As the battle raged on, Turner travelled back to Corps headquarters to consult with his commanding officer, Edwin Alderson. The normally reserved Alderson exchanged sharp words with Turner about the unauthorized withdrawal of the 3rd Brigade, a withdrawal that now threatened the entire Ypres Salient. Historian George Cassar is of the opinion that, had Turner not been a popular Boer War hero and politically well-connected back in Canada, Alderson would have relieved him of command on the spot.
Turner was replaced as brigade commander by R. G. E. Leckie on 12 August 1915. His subsequent promotion to divisional command was opposed by Alderson, who considered him to be incompetent. However the well-connected Turner had the support of Sam Hughes and other Canadian politicians, and Alderson was overruled. Alderson bitterly wrote, "I am sorry to say that I do not consider Turner really fit to command a Division and his name was not put forward by Sir John French, but Canadian politics have been too strong for all of us and so he has got it." Turner was subsequently appointed a Companion of the Order of the Bath (CB) in the King's Birthday Honours of June 1915, and promoted to major general in September 1915, and given command of the 2nd Division when it arrived in France. However, the division suffered heavy losses during the battle of St. Eloi in April 1916 when Turner lost communication with his division and did not form a clear picture of where they were on the confused battlefield. In addition, due to a miscommunication, his men were decimated by their own artillery, suffering 1,600 casualties as German soldiers retook the land, negating the gains made at heavy cost just a few days before. General Sir Herbert Plumer, the commander of British 2nd Army who had overall responsibility for the front, demanded the immediate dismissal of the 6th Brigade's commander, Turner's subordinate Huntly Ketchen, and when Turner claimed that if Ketchen was dismissed he would resign, the Canadian Corps' commander, Alderson, sought Turner's dismissal as well. Both officers were supporters of Sam Hughes, who made it clear in no uncertain terms to Commander in Chief Sir Douglas Haig that if Turner went then Haig could no longer rely on Canadian support. This led to the diplomatic compromise of Alderson being relieved of his corps command and replaced by Julian Byng, while Turner and Ketchen retained their commands.
Turner was eventually relieved of field command on 5 December 1916 and shunted into administrative duties, becoming commander of Canadian forces operating in Britain and the Canadian government's chief military adviser.
Turner was appointed a Knight Commander of the Order of St Michael and St George (KCMG) in the King's Birthday Honours of June 1917, and promoted to lieutenant general on 9 June 1917. On 18 May 1918, he became the Chief of the General Staff, Overseas Military Forces of Canada. In addition, he was awarded the Croix de Guerre avec Palme and the Legion d'Honneur from the French government, and the Russian Order of the White Eagle with Swords.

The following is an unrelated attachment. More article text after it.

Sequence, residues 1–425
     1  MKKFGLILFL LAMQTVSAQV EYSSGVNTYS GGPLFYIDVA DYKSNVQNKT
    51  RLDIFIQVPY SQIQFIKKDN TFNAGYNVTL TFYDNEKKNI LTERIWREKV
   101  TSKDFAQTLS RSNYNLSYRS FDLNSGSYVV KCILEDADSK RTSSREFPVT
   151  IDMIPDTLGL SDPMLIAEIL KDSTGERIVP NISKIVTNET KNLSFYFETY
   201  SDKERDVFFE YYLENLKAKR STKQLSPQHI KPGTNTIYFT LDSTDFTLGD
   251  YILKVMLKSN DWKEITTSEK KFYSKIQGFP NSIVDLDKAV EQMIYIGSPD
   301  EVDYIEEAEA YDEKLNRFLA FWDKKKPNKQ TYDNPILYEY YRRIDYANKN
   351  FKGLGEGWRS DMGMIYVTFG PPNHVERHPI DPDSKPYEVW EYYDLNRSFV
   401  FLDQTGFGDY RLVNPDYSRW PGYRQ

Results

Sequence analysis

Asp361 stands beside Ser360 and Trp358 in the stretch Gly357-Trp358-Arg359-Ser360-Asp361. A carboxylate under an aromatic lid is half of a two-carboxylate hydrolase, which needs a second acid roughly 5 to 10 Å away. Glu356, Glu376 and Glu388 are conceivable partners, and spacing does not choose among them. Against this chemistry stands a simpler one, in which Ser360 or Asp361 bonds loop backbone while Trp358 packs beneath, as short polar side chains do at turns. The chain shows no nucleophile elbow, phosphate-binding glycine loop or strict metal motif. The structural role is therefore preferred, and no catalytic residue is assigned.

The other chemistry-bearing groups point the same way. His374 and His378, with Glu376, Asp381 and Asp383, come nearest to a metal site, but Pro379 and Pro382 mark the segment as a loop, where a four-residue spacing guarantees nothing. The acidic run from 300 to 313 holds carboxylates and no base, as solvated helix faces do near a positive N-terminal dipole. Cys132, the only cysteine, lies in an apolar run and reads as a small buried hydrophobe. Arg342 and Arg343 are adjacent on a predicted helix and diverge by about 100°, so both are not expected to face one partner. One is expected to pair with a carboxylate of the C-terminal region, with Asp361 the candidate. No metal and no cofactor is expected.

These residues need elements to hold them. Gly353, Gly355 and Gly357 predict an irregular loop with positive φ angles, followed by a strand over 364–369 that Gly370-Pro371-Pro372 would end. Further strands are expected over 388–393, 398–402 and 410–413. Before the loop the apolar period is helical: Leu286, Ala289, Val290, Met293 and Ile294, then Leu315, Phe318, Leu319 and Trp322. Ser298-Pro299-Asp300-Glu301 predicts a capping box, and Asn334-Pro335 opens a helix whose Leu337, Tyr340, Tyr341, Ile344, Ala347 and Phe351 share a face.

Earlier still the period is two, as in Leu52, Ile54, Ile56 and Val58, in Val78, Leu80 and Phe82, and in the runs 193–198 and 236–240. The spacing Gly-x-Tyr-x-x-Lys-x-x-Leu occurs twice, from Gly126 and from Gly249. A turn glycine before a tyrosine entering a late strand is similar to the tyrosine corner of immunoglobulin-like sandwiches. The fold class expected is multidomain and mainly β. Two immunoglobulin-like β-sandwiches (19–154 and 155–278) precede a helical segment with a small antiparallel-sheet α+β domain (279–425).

- The London Gazette: . 19 April 1901. Retrieved 2008-09-25.
- "Canada & The South African War, 1899–1902: Canadian Victoria Cross Recipients". Canadian War Museum. Retrieved 2015-11-18.
- The London Gazette: . 16 April 1901. Retrieved 2008-09-25.
- The London Gazette: . 23 April 1901. Retrieved 2008-01-21.
- "Royal Tour". The Times (36563). London. 18 September 1901. p. 3.
- The London Gazette: . 2 March 1915. Retrieved 2008-09-25.
- Dancock, Daniel G. (1988). Welcome to Flanders Fields: The First Canadian Battle of the Great War: Ypres, 1915. Toronto: McLelland & Stewart. pp. 117–124. ISBN 0-7710-2545-9.
- Cassar, George H. (2010). Hell in Flanders Fields. Toronto: Dundurn Press. pp. 180–181.
- Cassar 2010, p.202
- Cassar 2010, p.194
- Cassar 2010, p. 213
- Cassar 2010, p. 213
- The London Gazette: . 24 September 1915. Retrieved 2008-09-25.
- Cassar, George (1985). Beyond Courage. Ottawa: Oberon Press. p. 189.
- The London Gazette: . 22 June 1915. Retrieved 2008-09-25.
- Duffy, Michael. "Who's Who: Sir Richard Turner". FirstWorldWar.com. Retrieved 2008-09-25.
- Sources are divided over who was responsible for the defeat, some retrospectively blaming Alderson as overall commander. The Dictionary of Canadian Biography however indicates that Turner and Ketchen were primarily responsible, a stance seemingly corroborated by the actions of Plumer.
- Alderson, Sir Edwin Alfred Hervey, Dictionary of Canadian Biography article by Desmond Morton, Retrieved 5 November 2007
- The London Gazette: . 8 December 1916. Retrieved 2008-09-25.
- "Sir Richard Ernest William Turner". The Canadian Encycloperdia. Retrieved 2008-09-25.
- The London Gazette: . 1 June 1917. Retrieved 2008-09-25.
- The London Gazette: . 1 June 1917. Retrieved 2008-09-25.
- The London Gazette: . 21 May 1918. Retrieved 2008-09-25.
- The London Gazette: . 2 November 1920. Retrieved 2008-09-25.
- The London Gazette: . 11 January 1918. Retrieved 2008-09-25.